To guarantee safety, go back inside & count
to noon. To make honey by honest trees,
press for time. Either way, all numbers are hellhound
as well as holy, but what did you expect?
A little divine torture has always been
the way in, and waiting for daylight
robbery won’t leave you deadly. Or, take my
word away and light up the teeth in the tumbler
all at once, like the locked door is a yawning
god and you the very last Alleluia—
at once, as if your heart shredded its school
-skirt and shotgunned over the yard for home.
Be need with a black glove riding the wrist.
Be first-felony Eve in the red telephone
booth outside the garden, a battle coal
dialing herself back into the war.
They kept you on the wrong side all along.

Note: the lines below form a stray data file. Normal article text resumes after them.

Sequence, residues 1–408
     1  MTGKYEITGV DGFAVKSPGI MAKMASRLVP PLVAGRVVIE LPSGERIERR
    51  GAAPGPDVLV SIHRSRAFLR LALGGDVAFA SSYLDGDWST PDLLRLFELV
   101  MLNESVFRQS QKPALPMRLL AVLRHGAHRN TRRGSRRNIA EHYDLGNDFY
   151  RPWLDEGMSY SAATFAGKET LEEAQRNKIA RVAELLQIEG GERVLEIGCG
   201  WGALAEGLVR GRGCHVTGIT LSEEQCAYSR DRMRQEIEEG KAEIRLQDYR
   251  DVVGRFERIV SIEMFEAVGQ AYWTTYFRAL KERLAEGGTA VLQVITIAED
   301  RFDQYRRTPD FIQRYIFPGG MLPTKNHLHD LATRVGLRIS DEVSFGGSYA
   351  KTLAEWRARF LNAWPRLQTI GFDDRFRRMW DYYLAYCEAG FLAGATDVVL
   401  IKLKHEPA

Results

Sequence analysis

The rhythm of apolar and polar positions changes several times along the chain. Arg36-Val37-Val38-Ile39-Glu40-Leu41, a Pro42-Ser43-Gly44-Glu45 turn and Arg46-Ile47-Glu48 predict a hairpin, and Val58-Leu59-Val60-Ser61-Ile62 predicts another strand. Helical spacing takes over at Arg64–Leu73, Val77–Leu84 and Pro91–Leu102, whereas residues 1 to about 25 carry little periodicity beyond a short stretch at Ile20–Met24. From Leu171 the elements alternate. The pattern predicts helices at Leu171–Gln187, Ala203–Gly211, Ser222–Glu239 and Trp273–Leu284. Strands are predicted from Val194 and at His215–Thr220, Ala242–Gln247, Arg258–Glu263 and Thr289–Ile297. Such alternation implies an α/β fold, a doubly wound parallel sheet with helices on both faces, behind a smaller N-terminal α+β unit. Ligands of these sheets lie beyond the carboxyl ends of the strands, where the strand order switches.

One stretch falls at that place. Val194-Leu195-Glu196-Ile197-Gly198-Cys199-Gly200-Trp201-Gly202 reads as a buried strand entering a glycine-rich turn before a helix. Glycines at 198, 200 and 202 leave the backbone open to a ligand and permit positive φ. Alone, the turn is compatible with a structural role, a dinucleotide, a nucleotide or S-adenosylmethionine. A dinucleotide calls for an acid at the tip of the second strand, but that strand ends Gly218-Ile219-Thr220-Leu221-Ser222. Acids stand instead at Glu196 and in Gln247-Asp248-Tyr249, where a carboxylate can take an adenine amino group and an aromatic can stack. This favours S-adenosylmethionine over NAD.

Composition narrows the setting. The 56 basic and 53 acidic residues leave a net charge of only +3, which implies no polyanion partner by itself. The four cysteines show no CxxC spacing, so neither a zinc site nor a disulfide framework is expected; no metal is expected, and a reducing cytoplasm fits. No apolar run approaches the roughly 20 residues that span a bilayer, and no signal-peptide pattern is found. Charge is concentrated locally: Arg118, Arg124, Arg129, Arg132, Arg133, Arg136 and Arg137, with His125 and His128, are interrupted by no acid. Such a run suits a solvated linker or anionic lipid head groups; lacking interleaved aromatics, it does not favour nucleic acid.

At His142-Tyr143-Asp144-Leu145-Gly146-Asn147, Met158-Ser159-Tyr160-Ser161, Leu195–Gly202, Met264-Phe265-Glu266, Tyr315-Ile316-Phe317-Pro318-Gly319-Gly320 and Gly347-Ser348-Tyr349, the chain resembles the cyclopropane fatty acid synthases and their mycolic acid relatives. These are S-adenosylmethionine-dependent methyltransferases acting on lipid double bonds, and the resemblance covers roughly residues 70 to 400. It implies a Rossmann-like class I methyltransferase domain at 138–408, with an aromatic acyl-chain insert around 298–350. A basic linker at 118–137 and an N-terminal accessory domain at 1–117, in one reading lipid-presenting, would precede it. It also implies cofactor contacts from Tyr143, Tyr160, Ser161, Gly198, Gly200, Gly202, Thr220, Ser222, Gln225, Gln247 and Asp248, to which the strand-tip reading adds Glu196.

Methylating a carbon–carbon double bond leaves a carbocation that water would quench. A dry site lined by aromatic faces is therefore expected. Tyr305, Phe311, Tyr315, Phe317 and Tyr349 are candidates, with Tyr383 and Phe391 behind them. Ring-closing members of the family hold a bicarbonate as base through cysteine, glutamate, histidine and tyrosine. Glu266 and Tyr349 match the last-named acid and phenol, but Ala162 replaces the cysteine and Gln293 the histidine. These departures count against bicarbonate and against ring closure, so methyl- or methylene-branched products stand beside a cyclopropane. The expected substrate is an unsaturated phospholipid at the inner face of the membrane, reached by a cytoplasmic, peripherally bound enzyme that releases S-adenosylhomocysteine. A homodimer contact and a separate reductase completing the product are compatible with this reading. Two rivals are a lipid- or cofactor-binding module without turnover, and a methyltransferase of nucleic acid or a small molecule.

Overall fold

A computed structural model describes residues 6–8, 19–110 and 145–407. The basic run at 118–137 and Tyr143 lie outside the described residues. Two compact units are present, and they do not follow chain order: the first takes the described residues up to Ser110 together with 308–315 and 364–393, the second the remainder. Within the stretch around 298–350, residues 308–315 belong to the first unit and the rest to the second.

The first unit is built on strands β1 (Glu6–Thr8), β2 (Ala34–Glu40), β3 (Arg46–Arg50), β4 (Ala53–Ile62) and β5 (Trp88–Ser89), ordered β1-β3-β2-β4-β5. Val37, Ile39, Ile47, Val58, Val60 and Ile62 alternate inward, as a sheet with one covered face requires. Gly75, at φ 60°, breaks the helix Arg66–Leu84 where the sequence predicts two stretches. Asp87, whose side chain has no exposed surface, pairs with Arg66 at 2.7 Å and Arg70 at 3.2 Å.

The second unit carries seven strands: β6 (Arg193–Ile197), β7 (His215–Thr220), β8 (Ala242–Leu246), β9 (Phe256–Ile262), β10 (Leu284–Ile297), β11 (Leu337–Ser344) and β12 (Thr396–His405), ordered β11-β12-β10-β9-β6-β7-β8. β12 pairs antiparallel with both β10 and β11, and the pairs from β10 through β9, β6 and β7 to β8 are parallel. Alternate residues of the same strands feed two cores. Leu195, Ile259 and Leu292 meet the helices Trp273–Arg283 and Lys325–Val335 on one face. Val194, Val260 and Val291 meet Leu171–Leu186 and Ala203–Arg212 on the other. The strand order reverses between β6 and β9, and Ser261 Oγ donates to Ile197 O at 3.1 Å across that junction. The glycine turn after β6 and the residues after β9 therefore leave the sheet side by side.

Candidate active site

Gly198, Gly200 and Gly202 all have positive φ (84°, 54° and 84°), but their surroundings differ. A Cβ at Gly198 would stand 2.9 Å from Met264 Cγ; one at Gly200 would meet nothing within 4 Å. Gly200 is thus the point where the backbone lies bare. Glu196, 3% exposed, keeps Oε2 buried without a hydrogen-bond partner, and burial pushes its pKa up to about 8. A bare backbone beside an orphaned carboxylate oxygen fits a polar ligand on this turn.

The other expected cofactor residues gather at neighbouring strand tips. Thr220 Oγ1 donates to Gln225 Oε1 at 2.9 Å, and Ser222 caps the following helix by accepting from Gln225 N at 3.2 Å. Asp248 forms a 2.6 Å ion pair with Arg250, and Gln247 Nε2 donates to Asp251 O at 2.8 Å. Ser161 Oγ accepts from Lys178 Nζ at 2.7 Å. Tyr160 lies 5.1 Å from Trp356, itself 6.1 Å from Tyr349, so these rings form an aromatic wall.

Hold a tension wrench closer. Treat your gates
like they were lovers and listen for the Yes.
And there it is, but look at what you found inside.
This poem appeared in Indiana Review 33.2, Winter 2011.
Lo Kwa Mei-en is a Kundiman fellow and the author of YEARLING (Alice James Books, 2015), THE BEES MAKE MONEY IN THE LION (Cleveland State University Poetry Center, 2016), and THE ROMANCES, a chapbook forthcoming from The Lettered Streets Press. Her recent work can be found in PEN Poetry Series, The Margins, The Offing, and VIDA: Women and Literary Arts. She is from Singapore and Ohio, where she now lives and works in Cincinnati.